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From the fields to the pharmacy

By Tan Weiyun (Shanghai Daily)

09:52, August 29, 2012

FOLK remedies are a part of traditional Chinese medicine even though they are not included in standard TCM texts. Nonetheless, experts in the field say these prescriptions can cure many diseases even if doctors don't quite understand how they work. Tan Weiyun reports.

A willow branch can cure skin problems, rock sugar plus a sweet peach helps with asthma, diced garlic drives away painful menstruation ... Simple, affordable, easy to practice, fast-acting and mysterious, folk prescriptions (pian fang) have been used in traditional Chinese medicine for thousands of years.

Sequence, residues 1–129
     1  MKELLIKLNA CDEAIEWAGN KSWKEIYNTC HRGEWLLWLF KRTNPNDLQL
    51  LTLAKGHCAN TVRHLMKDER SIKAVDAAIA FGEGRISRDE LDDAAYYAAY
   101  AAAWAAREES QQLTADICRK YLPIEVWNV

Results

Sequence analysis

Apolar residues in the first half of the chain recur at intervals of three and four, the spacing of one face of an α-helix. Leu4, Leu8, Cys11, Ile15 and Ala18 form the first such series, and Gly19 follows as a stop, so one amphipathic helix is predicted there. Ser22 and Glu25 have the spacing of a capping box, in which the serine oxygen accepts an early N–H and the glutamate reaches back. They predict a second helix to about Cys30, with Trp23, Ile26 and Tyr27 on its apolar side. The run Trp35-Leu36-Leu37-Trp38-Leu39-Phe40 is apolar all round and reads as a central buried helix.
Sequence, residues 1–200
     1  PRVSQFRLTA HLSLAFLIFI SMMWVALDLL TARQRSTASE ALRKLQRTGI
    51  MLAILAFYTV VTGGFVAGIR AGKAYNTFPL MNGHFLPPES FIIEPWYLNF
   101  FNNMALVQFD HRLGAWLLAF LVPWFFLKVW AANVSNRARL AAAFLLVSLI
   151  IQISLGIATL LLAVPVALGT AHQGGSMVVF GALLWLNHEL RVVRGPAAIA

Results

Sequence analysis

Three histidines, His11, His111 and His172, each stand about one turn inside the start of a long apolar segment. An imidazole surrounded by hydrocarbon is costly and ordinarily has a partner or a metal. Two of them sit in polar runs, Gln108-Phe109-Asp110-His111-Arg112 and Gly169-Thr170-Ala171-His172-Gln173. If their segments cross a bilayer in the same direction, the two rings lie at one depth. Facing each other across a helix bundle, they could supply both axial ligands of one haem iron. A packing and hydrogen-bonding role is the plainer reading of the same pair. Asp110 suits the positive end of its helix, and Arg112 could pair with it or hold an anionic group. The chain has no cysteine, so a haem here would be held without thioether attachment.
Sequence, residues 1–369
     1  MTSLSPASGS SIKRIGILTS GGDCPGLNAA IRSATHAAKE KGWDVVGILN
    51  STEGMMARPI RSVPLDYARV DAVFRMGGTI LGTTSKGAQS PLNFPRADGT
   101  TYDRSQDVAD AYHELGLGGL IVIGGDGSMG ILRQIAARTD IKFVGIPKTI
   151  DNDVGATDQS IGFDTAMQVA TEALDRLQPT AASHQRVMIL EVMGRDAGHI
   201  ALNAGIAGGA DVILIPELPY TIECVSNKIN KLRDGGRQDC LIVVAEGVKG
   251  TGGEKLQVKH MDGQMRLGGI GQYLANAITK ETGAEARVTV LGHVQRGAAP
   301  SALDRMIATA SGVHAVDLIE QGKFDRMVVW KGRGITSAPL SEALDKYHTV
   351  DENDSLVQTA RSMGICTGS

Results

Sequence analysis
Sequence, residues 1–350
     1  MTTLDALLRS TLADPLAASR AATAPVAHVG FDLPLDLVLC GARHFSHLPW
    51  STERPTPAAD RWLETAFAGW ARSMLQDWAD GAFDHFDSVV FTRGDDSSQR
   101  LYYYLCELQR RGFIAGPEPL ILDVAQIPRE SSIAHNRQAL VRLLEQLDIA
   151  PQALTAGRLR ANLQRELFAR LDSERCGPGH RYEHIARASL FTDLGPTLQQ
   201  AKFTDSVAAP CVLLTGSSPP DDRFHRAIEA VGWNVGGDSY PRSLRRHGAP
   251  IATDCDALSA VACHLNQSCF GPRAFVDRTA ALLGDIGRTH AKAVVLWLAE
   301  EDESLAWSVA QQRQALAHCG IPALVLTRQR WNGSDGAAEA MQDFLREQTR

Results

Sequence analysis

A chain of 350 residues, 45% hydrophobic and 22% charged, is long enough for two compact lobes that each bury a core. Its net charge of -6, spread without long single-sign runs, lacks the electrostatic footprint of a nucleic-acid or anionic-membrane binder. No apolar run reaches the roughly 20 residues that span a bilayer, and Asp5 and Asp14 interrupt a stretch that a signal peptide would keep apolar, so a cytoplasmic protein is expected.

Since ancient times, folk remedies have been concocted by villagers around China through a combination of wisdom and experience. Though not approved by the official medical system, the prescriptions with "magical curing effects" are favored by many Chinese people.

Pian fang or mi fang (secret remedies) refer to traditional Chinese medicine prescriptions not included in the Pharmacopoeia of People's Republic of China or other official TCM books.

Having been practiced for centuries, these remedies usually feature easy-to-get herbs, simple treatment methods and work quickly on various ailments ranging from minor coughs to complicated illnesses such as Ménière's syndrome, tumors and cancers.

"The folk prescriptions, I think, are a tremendous treasure, a shining pearl of TCM," says Qian Hai, a professor at Shanghai University of Traditional Chinese Medicine. "They are primitive, yet full of intelligence. They are inexhaustible resources because you never know exactly how many folk remedies are out there. You would be shocked each time at how magical they are."

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